As I read through the items on this wonderful Infographic from Mia, I kept thinking that the title might be broadened. I love the ideas, the thoughts expressed but I believe it applies to all our lives. I have often heard and agreed that ‘Digital Citizenship’ is unnecessary as in fact is really just part of Citizenship in general.
In fact, this list could also just as easily apply to our use of technology tools in schools. Many schools have embarked on 1:1 programs with anywhere, anytime access to technology. I wonder if it would help teachers and students to apply this list as a filter when determining the value of these programs. It could also help us plan for opportunities to maximise the value of the equipment – see it as a checklist perhaps?
Are we using technology at appropriate times? Are students able to make these choices?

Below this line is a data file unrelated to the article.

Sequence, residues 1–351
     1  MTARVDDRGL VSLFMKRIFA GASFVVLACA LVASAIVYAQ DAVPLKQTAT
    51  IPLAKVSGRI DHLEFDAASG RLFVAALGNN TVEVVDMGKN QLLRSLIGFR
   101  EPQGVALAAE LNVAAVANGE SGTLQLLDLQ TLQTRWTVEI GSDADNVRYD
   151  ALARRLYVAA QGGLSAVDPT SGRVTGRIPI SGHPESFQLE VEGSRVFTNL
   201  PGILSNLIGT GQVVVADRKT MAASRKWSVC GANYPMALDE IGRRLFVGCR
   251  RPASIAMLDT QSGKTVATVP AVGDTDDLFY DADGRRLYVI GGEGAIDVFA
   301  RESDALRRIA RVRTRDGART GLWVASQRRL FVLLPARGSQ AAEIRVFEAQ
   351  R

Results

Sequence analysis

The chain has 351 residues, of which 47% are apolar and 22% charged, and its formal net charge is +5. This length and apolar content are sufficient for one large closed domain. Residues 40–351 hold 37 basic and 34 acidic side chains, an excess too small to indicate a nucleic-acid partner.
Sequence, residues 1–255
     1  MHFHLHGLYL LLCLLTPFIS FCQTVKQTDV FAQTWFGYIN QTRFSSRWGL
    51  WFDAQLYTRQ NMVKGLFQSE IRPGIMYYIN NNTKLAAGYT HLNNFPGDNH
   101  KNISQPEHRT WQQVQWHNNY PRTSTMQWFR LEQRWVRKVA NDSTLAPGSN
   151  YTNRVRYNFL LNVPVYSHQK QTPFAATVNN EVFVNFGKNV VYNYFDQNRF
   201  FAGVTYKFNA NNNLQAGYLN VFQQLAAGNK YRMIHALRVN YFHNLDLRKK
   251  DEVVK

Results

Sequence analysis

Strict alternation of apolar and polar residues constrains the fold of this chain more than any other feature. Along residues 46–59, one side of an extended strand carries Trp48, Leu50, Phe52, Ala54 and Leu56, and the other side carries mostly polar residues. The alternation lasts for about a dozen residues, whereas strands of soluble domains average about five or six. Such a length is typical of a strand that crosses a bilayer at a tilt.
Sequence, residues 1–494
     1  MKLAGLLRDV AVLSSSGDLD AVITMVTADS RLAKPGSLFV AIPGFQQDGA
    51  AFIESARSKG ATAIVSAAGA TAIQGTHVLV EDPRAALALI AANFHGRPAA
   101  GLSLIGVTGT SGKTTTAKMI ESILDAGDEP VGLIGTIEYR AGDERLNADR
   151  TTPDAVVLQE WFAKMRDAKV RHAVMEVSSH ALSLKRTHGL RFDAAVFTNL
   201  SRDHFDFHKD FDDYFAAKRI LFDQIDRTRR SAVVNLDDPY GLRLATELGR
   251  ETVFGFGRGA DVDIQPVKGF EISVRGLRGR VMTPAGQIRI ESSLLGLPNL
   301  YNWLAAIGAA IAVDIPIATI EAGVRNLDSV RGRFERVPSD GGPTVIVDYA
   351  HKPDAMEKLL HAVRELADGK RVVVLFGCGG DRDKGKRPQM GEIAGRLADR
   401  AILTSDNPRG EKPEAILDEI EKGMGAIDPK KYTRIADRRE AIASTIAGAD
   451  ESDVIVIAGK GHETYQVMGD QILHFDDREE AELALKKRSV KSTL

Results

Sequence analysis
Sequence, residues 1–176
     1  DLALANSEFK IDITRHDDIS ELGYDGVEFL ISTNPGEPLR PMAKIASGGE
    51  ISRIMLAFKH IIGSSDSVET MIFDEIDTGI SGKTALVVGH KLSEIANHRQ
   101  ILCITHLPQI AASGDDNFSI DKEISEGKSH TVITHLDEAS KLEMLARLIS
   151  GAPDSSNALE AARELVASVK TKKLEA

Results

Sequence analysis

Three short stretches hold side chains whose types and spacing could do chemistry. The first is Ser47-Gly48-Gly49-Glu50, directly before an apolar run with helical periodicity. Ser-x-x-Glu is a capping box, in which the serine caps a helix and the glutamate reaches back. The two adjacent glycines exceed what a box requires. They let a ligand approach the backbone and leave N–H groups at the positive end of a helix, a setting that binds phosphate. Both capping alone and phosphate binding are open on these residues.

Are we sifting through the tools, the resources and making good choices? Applying digital literacy skills?
Are we disseminating information or knowledge we create?
Are we taking the opportunity to create a forum for our own voice as well as those others?
Are we gaining perspectives by using technology to listen to other points of view?
Are we using technology to truly participate in a learning community in a two way manner or just consuming what is found there?
Do we limit the use to times when technology actually performs a task that is better? Considering the SAMR model, do we use tech for substitution purposes and not take advantage of the transformational potential?
I think it is a powerful list, definitely useful for citizenship but can be applied elsewhere as well.
What do you think ?